Sir Cliff knew. ‘she’s just a devil woman/over the offside line…’
…and more on the rugger.
An English bloke I met trekking in Nepal, in 1998-99, had been in the English schoolboy rugby team and had played against our lads.
He’d been coached by Terry Cobner, pack leader for the 1977 Lions – he may have been vice captain, I’m not sure.
Anyway, Cobner coached them on the psychology of New Zealand rugby: we play not out of joy of winning, he rekkined, but out of a fear amounting to terror of losing.
I had to point out that, at the time, the All Blacks seemed to have regrettably overcome this fear – 1998 was one of the worst seasons ever, something Liam Hehir indirectly reminded me of on the Twitter this morning.
Perhaps it is also why New Zealand is treating last night’s draw as a loss, while the Brits are treating it as a win.
Fifteen All? Perhaps it was deserved. Would have been happier if it had been deserved bacause of some iffy play by the ABs in the first half, and not some even iffier decidions by the reff in the final quarter.
This was Graham Mourie’s first test. Huge build-up. The ABs had lost the previous test and only had an iffy win in the first test. Coming the year against a lost series in South Africa, there was a sense of crisis.
The selectors went berko after the second test loss, making six changes and – most shockingly of all – dropping veteran halfback Sid Going.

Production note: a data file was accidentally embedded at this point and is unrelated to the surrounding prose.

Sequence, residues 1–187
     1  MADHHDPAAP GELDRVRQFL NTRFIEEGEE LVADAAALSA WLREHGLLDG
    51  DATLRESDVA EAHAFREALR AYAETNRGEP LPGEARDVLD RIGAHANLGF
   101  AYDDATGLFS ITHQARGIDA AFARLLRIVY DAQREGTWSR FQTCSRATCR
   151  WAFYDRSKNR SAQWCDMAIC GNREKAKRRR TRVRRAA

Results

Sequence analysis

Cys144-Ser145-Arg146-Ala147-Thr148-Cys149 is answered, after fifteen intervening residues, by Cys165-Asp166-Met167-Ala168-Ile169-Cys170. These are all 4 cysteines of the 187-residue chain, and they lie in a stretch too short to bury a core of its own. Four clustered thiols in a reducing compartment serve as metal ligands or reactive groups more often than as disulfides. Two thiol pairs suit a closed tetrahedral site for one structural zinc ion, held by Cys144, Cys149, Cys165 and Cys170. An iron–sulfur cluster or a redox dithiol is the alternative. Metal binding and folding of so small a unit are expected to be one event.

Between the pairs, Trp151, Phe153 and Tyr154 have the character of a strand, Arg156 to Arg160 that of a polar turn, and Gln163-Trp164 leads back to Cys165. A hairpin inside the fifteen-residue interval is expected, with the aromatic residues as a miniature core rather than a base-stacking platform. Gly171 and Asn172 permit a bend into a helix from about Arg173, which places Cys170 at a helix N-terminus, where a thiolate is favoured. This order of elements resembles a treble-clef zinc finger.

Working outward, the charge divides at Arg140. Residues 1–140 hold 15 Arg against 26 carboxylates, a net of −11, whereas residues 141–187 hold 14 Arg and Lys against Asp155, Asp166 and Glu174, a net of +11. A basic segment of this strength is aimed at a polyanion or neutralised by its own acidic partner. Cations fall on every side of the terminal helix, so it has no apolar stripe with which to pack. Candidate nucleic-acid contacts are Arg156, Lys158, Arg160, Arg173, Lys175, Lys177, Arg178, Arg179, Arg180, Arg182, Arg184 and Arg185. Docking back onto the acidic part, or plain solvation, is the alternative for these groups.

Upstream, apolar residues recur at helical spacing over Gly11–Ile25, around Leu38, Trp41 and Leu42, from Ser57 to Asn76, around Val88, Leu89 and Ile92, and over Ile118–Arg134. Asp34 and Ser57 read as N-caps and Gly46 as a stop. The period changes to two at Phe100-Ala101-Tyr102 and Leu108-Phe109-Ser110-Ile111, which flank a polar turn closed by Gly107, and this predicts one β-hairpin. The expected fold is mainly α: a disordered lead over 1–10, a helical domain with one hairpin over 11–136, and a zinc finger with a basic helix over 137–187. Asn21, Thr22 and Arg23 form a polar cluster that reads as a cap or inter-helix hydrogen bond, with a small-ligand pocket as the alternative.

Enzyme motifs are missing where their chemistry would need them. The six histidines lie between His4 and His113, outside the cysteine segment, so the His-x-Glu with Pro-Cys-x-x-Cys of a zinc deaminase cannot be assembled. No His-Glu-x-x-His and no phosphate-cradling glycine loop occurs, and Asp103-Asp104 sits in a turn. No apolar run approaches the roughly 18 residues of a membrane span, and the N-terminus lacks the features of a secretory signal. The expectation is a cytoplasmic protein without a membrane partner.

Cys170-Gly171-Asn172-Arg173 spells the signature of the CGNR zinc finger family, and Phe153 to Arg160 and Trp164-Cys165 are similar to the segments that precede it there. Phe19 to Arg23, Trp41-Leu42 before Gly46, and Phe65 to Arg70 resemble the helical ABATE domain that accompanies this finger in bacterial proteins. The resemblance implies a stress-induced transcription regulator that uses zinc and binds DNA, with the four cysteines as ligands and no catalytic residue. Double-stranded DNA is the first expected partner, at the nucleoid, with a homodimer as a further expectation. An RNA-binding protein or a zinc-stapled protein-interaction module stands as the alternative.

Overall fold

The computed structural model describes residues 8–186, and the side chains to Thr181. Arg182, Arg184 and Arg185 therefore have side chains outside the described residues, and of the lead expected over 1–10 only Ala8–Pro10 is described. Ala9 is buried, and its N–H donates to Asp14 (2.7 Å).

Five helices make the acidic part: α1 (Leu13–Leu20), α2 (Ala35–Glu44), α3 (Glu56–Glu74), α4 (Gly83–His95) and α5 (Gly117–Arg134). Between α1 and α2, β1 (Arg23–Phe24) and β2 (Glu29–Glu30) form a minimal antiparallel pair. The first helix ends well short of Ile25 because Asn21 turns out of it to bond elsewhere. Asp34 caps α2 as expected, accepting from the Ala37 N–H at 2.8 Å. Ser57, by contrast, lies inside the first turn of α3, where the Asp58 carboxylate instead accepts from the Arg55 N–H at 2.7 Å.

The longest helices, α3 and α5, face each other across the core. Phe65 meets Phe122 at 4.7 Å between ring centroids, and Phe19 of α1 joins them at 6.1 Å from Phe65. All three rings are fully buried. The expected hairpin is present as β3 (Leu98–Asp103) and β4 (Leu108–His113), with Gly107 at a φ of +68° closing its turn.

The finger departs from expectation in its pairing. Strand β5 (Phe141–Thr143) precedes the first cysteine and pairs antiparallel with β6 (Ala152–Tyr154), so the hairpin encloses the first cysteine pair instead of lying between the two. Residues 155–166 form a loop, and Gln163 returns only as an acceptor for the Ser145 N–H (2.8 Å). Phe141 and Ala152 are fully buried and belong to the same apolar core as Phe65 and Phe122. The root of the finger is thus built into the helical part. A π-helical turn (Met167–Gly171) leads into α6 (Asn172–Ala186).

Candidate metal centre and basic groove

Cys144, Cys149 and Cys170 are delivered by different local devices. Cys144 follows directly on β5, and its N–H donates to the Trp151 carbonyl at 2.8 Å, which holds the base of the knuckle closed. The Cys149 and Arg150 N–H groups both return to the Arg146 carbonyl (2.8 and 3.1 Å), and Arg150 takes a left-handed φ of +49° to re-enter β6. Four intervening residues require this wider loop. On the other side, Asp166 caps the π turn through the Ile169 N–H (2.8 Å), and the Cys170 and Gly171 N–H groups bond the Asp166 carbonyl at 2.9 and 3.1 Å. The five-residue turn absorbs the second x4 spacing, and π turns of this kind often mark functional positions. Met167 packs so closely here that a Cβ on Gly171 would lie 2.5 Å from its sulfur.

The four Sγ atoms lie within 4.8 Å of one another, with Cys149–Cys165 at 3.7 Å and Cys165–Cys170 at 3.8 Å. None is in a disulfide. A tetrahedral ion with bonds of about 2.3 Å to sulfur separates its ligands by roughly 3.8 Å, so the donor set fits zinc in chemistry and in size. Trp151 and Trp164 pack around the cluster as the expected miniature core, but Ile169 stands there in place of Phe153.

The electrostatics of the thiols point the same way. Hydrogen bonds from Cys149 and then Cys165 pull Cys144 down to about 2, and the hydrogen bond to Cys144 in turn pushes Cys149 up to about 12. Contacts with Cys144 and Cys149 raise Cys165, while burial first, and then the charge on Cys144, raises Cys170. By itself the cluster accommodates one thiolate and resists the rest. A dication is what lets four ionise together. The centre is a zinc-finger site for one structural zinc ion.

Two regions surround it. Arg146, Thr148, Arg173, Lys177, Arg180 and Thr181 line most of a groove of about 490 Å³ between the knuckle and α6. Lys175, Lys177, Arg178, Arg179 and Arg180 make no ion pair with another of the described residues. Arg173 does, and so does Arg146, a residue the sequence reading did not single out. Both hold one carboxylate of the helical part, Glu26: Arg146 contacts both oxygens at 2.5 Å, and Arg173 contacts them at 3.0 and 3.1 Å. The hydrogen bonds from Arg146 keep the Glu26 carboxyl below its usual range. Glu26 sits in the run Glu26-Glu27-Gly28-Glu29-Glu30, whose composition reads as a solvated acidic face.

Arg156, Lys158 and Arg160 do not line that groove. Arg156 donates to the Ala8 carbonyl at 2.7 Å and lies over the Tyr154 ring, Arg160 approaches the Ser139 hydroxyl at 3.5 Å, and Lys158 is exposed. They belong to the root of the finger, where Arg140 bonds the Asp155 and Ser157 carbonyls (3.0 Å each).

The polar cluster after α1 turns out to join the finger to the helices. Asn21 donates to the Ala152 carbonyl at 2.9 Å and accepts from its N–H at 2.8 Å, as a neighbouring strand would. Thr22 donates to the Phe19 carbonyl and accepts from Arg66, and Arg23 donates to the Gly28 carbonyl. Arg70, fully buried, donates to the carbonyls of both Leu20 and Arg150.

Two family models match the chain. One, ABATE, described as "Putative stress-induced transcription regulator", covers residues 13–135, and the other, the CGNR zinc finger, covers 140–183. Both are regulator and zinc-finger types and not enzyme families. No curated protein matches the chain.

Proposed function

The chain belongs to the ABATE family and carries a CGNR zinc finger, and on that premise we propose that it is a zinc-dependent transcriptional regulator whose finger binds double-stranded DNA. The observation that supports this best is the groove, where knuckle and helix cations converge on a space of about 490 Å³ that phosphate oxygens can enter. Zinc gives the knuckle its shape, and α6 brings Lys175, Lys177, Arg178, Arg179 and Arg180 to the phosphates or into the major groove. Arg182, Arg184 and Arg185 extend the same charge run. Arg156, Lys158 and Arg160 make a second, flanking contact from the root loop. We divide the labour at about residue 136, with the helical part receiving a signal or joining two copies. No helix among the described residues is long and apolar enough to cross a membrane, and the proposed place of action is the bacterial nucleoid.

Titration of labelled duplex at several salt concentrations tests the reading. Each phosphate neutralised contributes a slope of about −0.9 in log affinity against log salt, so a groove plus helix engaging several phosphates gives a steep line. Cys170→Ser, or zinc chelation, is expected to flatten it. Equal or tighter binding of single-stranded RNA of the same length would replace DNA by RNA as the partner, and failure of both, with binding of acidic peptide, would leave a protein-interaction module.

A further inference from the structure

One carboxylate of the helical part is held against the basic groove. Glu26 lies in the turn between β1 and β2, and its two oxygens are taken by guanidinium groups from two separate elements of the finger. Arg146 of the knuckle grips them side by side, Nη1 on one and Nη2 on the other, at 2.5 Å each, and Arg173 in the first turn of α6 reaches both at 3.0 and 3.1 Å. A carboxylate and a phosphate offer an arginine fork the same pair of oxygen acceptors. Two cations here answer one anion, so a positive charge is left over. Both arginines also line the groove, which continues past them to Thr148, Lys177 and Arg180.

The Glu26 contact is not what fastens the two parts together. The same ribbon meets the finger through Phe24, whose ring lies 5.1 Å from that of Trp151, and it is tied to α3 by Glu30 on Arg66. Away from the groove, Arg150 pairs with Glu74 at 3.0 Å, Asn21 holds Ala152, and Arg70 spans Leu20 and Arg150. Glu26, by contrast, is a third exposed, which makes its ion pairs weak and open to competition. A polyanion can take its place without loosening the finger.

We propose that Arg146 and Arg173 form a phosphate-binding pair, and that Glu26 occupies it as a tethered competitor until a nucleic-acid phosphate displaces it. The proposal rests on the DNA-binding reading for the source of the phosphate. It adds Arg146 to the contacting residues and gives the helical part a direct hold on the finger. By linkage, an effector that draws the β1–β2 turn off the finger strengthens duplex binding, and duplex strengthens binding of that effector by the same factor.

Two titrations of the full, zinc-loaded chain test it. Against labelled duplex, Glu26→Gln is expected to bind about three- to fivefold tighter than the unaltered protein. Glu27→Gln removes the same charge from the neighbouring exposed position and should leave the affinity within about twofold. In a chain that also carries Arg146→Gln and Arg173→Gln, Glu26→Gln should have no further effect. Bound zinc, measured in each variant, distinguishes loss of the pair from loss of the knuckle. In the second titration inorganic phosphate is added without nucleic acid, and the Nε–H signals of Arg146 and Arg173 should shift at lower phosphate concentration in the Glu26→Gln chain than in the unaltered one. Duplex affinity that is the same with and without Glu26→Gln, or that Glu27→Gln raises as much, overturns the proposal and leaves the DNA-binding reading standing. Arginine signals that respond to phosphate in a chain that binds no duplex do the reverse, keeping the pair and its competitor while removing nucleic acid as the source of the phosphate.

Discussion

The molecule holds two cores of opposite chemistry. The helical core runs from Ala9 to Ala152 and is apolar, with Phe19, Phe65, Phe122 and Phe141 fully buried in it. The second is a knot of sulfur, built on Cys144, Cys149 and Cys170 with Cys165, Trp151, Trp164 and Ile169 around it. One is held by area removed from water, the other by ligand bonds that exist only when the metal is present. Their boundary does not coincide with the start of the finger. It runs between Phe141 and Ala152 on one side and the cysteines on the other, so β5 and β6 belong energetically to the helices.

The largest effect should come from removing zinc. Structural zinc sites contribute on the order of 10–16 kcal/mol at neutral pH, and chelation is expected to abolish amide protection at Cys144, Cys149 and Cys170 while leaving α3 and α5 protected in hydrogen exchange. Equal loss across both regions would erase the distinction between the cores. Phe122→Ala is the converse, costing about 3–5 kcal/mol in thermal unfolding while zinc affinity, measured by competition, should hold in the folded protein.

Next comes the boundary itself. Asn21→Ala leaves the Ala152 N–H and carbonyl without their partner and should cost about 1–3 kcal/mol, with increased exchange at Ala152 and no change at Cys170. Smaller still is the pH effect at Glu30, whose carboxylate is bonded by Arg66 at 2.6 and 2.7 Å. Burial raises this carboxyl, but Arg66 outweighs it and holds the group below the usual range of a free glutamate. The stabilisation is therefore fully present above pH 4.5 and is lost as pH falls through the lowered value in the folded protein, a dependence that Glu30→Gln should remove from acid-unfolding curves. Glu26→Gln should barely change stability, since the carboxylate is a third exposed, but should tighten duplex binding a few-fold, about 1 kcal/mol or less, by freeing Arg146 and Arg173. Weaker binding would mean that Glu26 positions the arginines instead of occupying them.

It was an extremely wet winter, and Carisbrook had been rained on all week. From memory, the rugby union hired a couple of helicopters to fly up and down the ground for hours before the test, trying to dry out the ground with the downdraft from the rotor blades.
This may be a bit of a legend. I don’t know.
The dropping of Going at halfback was seen as a signal the All Blacks would run the ball through the backline rather than having Sid Going have a go on his own and fold it back into the forwards.
Anyway, they showed they would do that, right in the opening minute. Bruce Robertson – Counties’ only player in the side, something I kind of noted, as a Waiuku lad – had a fantastic day.
After a couple of years without a decent goalkicker – Joe Karam, who has since gone on to fame in other areas, had been a dead-eye dick with the boot for years but in 1975 he went to league – the new boy at fullback, Bevan Wilson, was a real find.
And of course it was Kirkpatrick’s 50th try.
Anyway, it was a really great game. Here’s the highlights.
And here’s hoping to a decent win tonight.
A bunch of blokes tossing around a ball in an impromptu game of touch; a few people resting on the edges of Chaffers Park, reading and picnicking, while behind a jazz band played in the produce market. Over towards Te Papa, the fruit & veggie market was in full swing, albeit a bit quieter than it is usually at this point on a Sunday.
A long weekend, with some folk away; plus a few more regulars grabbing some extra zeds after getting up early to watch the All Black vs. Springbok semi, all played their part, I suspect.
The general atmosphere is one of a chilled out, civilised and relaxed Kiwi Sunday.
I’d like to think the scene this morning – and, more importantly, the general mood around it – would have been the same if the ABs had lost.
Perspective is all.
Edge of the seat stuff while the game is on – and today’s game was a traditional All Black-South Africa match in that it was incredibly intense, quite scraggly in bits, and not all that pretty at times.
Oh, and we’re bitching about the reffing.
The more the ruck ball rules changes, the more things stay the same.
The French should come up with a saying about that, though perhaps it should be rendered partly in Afrikaan & partly in Welsh.